You'd think Kaiser would realize that they had done an evil thing at this point. Instead, they poured on the smear campaign. I took down the copy site once the 140 number hit me - and I thought a public investigation was assured at that point, anyway. Kaiser dragged me into Court for a symbolic Restraining Order. When they didn't get it right away, they went to the DMHC and cried Disgruntled Employee Stole Data! Note the DMHC confirmed they were only told in March 2005 in their Kaiser judgment. The DMHC saw the "Diva of Disgruntled" tagline, and they jumped to conclusions. They issued a press release that corroborated Kaiser's story, and I've been dealing with the fallout ever since.

Kaiser is suing me, but they have no breach of contract claim since I wasn't working for them when I found the Systems Diagrams. The only reason they can keep on litigating is that I'm too poor to afford a lawyer. Because I didn't run and hide "Diva of Disgruntled", I apparently don't have the public sympathy to get a pro bono lawyer. Kaiser can just keep peppering me with paperwork for years. They want me to settle and give them a symbolic victory so they can decrease their liability and make the fact they tried to frame me look like some justified act. As long as they are suing me, their PR people can keep pointing to the suit to show how wrong and bad and disgruntled I am.

I think you don't understand the nature of the site, either. It wasn't a test app. It was training documentation. It contained a lot of systems diagrams, screenshots, and even some code. The patient data is in the screen shots and some generated output lists. Some of the screenshots have personal information like addresses, and perhaps social security numbers (I'm not going to go check). The big list is the one with Kaiser Medical Record Numbers (MRNs). I don't think there is much, if any, really personal health information: Kaiser exaggerated this to get the restraining order when they thought they were going to pin it on me.

I would like to mention the DMHC never apologized for what they did to me. Instead they offered a quiet settlement in which they would "revise" the original Order. I signed this settlement on April 15, and I will show it to you if you want. The DMHC broke the settlement when I complained they had slipped extra language back in. They probably attempted to do that because in the settlement the DMHC claims the authority to deem linking to public web sites injurious. The DMHC didn't have jurisdiction over a private citizen in the first place. To abet Kaiser in an "unclean hands" act against me and then to break a settlement in which I was allowing them to quietly save face - that's all just an outrageous tyranny of the State. The Kaiser fine probably reflects the DMHC's frustration at being put in that position. The good news is since the DMHC's decision clears me of being a rogue employee data bandit, the patient advocacy groups I was working with will now be able to admit to knowing me in public without hurting their cause, and with their help I might be able to get some legal help.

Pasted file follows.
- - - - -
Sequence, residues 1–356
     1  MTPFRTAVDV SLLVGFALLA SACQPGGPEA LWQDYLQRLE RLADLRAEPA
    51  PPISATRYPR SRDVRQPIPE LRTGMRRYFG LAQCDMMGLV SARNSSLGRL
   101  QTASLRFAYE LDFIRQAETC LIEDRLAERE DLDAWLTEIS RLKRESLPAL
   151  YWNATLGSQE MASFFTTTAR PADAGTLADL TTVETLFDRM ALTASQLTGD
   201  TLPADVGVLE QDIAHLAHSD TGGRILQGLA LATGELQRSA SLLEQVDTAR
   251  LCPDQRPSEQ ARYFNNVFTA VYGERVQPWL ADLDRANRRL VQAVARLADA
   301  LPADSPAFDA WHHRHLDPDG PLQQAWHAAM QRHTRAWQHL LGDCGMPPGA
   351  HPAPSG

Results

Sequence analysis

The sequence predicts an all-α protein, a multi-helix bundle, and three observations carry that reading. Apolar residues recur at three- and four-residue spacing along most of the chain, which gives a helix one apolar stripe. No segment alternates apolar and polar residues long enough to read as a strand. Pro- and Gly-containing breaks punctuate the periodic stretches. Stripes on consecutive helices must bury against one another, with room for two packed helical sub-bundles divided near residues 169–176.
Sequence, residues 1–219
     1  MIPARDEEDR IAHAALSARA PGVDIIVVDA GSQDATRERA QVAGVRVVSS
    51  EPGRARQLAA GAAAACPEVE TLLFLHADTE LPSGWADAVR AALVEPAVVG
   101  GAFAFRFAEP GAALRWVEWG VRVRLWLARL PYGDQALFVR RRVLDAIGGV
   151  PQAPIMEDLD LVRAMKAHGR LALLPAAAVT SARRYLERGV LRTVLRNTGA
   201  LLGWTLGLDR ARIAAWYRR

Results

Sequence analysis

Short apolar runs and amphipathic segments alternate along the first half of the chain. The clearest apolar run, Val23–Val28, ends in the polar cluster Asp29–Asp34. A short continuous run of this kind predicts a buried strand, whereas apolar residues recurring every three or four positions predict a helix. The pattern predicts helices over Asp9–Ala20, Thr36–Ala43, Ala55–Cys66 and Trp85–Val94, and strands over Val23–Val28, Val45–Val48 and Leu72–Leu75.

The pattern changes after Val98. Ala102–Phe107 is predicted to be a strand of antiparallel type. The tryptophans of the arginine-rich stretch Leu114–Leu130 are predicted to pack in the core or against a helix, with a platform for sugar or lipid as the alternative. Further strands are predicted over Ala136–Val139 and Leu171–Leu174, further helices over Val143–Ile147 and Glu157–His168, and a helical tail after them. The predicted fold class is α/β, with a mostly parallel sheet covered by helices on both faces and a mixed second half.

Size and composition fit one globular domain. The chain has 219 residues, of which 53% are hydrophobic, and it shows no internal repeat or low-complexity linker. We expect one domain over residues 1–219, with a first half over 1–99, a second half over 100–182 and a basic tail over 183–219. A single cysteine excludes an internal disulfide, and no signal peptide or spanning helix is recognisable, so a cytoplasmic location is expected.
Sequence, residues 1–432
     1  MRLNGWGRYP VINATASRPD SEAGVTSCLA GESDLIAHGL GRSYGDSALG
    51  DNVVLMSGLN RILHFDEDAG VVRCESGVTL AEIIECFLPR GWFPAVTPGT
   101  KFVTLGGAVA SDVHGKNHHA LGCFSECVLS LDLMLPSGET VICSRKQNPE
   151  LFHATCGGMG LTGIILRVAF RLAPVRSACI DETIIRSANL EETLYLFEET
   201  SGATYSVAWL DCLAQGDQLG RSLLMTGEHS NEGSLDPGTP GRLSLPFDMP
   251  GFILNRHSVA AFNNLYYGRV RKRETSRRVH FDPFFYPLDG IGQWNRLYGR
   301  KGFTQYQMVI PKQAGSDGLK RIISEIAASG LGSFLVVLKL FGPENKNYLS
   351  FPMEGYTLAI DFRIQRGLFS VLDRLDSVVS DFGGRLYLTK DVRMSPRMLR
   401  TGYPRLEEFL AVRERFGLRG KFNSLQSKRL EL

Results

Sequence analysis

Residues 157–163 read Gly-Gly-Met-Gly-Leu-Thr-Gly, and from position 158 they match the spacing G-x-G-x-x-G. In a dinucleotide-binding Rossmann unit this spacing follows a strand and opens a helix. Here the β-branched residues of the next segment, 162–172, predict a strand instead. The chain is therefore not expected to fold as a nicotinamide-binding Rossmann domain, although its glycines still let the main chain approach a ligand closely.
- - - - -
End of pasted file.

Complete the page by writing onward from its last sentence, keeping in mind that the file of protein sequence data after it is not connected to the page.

As for "further publication of the information" I hope you will keep in mind that I didn't know I was perpetuating a lot of patient data. I thought I was preserving the evidence of a leak of technical information. I had a First Amendment right to point it out once that information had been put out in public by Kaiser. Moreover, that data was on the Internet since 1999. It would still be there today, if I hadn't pointed it out. The patients would never have been informed if I hadn't resisted the C&D Order. Kaiser missed several chances to do that (for instance, Sept. 2004 and January 2005). If that patient data had been previously misused in any way, no one would have known where it was coming from. The OCR didn't inform the patients, either. It was only my determination to keep Kaiser from covering something up that led to a real outside investigation.

Your summary of my situation contains a number of inaccuracies, which helps Kaiser spread its various character smears. You could have come to me and asked for my version of events. I've left comments on your blog before, too. I hope that you will ask me for more information if you have any questions.
ps. my email is kaiser_scapegoat@hotmail.com